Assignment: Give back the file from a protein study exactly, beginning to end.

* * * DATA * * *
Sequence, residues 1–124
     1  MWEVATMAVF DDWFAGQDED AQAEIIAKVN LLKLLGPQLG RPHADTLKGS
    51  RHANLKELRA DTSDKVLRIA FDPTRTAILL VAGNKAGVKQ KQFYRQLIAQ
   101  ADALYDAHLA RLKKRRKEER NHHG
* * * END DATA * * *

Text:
Sequence, residues 1–124
     1  MWEVATMAVF DDWFAGQDED AQAEIIAKVN LLKLLGPQLG RPHADTLKGS
    51  RHANLKELRA DTSDKVLRIA FDPTRTAILL VAGNKAGVKQ KQFYRQLIAQ
   101  ADALYDAHLA RLKKRRKEER NHHG